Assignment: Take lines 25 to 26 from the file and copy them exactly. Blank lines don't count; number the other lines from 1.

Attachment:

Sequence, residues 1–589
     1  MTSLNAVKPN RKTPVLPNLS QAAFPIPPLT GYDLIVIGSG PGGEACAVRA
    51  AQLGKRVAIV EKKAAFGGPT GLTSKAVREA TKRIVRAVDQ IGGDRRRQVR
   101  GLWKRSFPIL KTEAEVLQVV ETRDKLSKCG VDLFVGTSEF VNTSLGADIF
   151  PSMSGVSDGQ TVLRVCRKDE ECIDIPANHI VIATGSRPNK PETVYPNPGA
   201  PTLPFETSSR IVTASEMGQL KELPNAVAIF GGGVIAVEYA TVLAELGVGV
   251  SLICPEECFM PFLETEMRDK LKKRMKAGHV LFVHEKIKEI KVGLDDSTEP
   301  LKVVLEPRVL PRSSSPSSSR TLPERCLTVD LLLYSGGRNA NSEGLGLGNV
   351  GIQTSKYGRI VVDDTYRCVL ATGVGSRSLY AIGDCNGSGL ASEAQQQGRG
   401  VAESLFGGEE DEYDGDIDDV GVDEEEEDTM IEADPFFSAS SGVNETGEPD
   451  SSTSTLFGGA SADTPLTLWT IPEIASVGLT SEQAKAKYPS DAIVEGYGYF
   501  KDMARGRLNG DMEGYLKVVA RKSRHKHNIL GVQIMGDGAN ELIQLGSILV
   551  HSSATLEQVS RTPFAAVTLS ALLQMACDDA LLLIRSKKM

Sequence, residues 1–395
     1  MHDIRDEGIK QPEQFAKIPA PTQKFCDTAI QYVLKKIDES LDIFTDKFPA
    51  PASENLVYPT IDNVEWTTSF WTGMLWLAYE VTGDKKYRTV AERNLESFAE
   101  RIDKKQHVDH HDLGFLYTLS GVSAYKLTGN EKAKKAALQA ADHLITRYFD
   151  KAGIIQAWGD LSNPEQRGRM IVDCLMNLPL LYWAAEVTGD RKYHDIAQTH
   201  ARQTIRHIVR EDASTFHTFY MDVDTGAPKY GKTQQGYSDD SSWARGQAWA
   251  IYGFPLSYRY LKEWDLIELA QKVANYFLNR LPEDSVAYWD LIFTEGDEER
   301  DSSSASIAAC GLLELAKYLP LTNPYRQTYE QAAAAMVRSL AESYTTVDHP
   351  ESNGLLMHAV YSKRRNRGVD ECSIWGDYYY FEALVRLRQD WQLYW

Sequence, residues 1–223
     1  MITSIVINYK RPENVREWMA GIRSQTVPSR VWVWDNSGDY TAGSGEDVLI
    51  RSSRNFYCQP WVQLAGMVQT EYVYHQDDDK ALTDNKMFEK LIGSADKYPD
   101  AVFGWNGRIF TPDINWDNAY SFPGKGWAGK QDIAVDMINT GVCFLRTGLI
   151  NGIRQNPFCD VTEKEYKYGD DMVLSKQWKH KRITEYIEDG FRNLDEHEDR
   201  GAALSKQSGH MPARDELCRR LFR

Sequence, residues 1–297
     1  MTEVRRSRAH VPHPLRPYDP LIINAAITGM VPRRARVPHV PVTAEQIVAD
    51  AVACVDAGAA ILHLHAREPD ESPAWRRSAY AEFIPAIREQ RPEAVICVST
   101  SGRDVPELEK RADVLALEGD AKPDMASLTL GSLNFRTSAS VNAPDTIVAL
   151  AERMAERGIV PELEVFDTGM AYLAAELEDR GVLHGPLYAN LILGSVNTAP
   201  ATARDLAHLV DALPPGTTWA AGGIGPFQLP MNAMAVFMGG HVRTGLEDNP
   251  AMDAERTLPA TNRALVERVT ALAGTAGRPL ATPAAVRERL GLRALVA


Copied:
    51  RSSRNFYCQP WVQLAGMVQT EYVYHQDDDK ALTDNKMFEK LIGSADKYPD
   101  AVFGWNGRIF TPDINWDNAY SFPGKGWAGK QDIAVDMINT GVCFLRTGLI